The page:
At the same time, struggles for power were consuming the Judean kingdom. A crafty Idumean named Antipater manipulated one of the young princes contending for the Jewish throne. Antipater realized that the future lay with Rome and invited the Roman general Pompey, who had just completed the conquest of Syria, to come to Judea to mediate a dispute between two factions within the Judean royal house. After failing to win Pompey’s support, the losing faction revolted, initiating the beginnings of a civil war. Pompey intervened and, much to Antipater’s delight, forcibly occupied Judea in 63BC, adding it to the Roman province of Syria. The brief Hasmonean Kingdom was ended and Rome controlled Judea.
Antipater worked diligently to prove himself a useful ally of Rome. Rome rewarded him with citizenship, gave him the title, procurator, which was an office roughly equivalent to that of a regional governor. Rome granted Antipater permission to begin rebuilding the walls of Jerusalem, which Pompey had torn down.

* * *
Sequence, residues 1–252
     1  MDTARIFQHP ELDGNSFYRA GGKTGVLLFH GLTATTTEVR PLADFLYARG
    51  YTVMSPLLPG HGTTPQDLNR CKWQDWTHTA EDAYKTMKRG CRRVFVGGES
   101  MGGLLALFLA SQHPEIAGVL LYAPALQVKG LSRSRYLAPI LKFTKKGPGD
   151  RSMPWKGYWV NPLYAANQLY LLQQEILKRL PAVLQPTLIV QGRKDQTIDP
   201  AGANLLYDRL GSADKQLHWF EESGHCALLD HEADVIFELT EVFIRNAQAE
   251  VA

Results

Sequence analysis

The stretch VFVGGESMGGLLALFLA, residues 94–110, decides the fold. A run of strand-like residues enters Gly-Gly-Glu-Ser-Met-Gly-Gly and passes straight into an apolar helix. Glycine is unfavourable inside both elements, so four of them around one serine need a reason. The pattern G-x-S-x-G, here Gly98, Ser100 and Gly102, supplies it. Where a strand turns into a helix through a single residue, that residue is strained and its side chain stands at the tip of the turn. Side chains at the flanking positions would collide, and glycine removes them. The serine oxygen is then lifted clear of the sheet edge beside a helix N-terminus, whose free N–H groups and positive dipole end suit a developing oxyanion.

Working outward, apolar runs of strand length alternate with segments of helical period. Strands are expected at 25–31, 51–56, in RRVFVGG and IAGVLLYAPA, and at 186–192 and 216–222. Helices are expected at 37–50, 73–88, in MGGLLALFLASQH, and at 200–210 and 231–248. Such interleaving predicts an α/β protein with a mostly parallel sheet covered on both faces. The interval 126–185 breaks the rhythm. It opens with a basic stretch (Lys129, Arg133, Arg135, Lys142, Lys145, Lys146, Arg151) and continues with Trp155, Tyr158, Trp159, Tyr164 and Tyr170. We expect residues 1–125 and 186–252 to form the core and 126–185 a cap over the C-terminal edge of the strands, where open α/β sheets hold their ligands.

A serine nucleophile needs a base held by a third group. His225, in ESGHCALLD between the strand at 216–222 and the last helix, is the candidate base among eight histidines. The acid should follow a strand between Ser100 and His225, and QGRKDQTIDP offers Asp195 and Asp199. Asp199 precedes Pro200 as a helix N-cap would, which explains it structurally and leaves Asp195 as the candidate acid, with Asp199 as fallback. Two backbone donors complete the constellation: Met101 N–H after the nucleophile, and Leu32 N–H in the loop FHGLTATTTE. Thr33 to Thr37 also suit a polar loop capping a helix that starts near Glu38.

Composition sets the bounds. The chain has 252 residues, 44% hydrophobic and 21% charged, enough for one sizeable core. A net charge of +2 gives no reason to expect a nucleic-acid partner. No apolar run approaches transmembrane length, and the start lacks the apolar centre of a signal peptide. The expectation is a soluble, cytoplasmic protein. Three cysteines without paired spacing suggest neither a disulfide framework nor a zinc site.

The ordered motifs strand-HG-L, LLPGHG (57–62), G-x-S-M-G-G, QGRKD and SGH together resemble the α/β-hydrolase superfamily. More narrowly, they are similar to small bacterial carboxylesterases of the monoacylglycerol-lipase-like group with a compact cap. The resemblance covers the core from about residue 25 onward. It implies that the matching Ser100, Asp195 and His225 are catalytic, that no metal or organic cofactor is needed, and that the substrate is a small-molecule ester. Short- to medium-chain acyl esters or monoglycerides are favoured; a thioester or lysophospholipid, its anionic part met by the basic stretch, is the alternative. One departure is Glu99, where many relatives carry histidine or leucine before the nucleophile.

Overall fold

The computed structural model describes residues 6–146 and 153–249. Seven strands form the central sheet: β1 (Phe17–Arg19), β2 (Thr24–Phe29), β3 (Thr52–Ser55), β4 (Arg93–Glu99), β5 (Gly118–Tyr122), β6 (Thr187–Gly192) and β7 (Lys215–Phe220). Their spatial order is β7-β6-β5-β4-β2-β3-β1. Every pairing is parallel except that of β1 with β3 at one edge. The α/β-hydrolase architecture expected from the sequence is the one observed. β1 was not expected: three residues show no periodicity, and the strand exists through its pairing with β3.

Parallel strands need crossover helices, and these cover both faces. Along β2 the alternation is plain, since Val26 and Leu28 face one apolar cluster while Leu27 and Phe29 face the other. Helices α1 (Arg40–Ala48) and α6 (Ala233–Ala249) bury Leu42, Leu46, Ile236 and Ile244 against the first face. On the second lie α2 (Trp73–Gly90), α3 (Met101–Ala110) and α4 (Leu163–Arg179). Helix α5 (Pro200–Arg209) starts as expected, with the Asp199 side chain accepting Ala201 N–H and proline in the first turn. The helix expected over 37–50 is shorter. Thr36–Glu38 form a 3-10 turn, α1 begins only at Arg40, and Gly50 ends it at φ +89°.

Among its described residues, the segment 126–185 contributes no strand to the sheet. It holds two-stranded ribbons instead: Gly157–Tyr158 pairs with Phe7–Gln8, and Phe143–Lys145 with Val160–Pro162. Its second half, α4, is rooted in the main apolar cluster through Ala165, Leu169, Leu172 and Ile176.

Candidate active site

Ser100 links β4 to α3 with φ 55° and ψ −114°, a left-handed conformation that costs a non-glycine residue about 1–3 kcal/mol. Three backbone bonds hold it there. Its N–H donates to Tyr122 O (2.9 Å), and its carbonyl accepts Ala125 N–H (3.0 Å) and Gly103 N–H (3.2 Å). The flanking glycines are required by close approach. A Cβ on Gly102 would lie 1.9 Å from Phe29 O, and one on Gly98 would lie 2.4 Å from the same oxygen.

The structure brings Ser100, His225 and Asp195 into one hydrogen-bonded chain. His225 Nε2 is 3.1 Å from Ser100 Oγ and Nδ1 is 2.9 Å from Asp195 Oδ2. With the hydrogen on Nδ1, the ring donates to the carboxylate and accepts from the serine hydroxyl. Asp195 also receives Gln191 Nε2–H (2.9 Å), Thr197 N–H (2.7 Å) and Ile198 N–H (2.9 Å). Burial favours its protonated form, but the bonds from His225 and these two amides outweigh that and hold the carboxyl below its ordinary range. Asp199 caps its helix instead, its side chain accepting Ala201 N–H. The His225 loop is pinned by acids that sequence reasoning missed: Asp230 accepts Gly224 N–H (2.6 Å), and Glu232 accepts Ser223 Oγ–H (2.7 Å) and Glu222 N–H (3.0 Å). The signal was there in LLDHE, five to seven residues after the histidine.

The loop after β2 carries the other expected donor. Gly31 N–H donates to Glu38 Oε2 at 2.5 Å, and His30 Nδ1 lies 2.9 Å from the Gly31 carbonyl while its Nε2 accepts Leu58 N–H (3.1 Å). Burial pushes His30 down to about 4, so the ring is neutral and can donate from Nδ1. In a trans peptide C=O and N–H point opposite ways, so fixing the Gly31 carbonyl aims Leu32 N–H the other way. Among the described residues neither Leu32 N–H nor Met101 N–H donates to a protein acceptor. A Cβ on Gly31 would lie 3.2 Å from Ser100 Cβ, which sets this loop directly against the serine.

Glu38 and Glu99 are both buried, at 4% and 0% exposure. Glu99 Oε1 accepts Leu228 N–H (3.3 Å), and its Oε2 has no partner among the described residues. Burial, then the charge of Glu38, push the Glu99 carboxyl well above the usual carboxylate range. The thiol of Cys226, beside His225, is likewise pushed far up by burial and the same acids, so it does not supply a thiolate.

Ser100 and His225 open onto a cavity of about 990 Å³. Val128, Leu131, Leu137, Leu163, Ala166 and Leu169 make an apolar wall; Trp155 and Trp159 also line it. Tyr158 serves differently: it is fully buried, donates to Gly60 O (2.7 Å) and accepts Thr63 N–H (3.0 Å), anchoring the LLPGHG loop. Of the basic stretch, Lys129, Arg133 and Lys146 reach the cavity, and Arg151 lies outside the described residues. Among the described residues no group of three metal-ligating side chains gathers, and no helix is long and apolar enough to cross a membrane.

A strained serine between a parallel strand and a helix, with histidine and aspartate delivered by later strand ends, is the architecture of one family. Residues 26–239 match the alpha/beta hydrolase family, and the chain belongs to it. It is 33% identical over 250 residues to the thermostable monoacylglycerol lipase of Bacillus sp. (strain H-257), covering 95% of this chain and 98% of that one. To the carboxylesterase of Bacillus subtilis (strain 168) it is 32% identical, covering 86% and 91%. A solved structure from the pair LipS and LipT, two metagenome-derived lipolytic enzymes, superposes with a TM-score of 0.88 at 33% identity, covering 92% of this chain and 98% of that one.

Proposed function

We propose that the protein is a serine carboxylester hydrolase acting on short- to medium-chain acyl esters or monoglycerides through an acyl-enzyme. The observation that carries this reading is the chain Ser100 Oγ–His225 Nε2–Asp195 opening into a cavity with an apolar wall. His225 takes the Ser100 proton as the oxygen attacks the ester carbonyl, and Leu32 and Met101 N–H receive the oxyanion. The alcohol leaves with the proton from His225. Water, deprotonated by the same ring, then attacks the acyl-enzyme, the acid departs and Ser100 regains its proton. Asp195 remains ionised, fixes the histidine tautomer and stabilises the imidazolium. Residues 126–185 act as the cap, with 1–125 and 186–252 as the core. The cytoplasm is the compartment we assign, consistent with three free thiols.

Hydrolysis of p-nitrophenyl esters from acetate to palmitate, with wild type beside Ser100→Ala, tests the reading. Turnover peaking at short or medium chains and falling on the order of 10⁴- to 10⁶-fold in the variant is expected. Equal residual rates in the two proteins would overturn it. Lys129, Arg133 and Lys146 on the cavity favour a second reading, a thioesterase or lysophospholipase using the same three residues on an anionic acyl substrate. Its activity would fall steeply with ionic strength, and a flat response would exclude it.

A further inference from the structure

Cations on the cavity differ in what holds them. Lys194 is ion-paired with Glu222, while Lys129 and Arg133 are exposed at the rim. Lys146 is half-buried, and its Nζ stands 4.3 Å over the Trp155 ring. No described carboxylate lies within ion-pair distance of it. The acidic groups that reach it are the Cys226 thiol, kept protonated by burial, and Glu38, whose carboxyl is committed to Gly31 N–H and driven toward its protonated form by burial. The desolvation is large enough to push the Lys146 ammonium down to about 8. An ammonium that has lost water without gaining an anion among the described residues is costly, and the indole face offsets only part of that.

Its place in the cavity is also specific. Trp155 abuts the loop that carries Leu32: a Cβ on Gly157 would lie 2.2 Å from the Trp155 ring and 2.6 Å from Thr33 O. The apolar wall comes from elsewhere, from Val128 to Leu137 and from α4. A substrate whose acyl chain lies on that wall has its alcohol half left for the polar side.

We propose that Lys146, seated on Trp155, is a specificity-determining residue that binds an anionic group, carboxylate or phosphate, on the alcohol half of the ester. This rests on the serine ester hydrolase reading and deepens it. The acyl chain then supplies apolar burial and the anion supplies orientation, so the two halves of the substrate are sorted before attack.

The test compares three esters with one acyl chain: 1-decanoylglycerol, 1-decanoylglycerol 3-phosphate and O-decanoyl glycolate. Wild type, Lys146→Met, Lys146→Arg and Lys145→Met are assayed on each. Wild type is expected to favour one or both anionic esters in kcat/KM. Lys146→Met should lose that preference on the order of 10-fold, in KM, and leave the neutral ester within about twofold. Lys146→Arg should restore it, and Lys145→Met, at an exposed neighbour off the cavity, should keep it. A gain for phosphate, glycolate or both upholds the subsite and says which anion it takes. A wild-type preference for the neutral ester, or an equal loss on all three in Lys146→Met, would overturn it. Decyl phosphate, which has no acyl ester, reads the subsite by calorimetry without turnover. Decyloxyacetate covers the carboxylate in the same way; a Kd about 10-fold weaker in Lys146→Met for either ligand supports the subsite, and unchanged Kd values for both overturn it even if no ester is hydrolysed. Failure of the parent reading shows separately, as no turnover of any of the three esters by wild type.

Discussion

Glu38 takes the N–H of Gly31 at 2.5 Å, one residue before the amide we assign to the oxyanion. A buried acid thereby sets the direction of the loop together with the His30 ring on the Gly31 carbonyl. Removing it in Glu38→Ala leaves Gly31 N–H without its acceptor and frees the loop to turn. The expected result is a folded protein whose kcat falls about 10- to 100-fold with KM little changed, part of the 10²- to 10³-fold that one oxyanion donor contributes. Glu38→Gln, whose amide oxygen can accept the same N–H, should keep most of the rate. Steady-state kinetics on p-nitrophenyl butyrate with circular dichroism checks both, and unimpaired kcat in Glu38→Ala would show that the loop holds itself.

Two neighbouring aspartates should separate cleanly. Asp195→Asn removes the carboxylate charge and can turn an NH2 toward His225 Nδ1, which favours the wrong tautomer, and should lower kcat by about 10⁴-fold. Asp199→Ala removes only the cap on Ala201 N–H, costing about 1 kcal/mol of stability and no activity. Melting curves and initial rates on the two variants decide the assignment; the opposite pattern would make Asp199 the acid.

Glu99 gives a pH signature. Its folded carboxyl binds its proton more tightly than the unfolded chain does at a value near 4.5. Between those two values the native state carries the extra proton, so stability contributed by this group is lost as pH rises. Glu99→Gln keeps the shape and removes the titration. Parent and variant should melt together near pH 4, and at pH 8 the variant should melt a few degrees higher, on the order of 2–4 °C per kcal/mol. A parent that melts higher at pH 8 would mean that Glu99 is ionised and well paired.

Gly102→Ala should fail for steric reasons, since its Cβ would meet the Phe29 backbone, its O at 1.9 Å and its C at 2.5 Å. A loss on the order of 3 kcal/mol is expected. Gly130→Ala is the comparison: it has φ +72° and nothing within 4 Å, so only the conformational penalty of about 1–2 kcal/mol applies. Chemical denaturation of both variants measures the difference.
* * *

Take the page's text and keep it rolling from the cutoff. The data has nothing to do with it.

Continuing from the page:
Years of political intrigue finally caught up to him, however, and in 43 BC Antipater was assassinated. He had, nevertheless, trained his sons well, and thus Phasael and Herod continued their father’s policies and cooperated with Rome.
In 40 BC armies of the Parthian Empire overran Judea and Syria. Phasael was captured and executed. Herod fled to Rome. In Rome, Herod appealed to the Senate which, upon recognizing his loyalty and usefulness, declared him King of Judea and Samaria. Supported by the armies of Rome, Herod set out to reconquer Jerusalem. After three years the task was done and Herod began to reign as king in 37 BC. This is the Herod who is known as Herod the Great.
Herod the Great
Herod the Great was a crafty political figure who, through good sense and loyalty, had won the confidence of the Romans. Of half-Jewish Idumean lineage, Herod was familiar with Judea’s political landscape and ruled effectively for Rome as a satellite king for over thirty years.
Herod the Great helped rebuild the Temple at Jerusalem; created the artificial harbor at Caesarea, which was an architectural wonder of the ancient world; and helped to secure reduced taxes and freedom of religion for his Jewish subjects. It was, however, this same Herod who attempted to murder the Christ child by ordering the execution of the sons of Bethlehem (Matthew 2:16). Herod’s career of building and murdering and scheming came to an end when he died in 4 BC.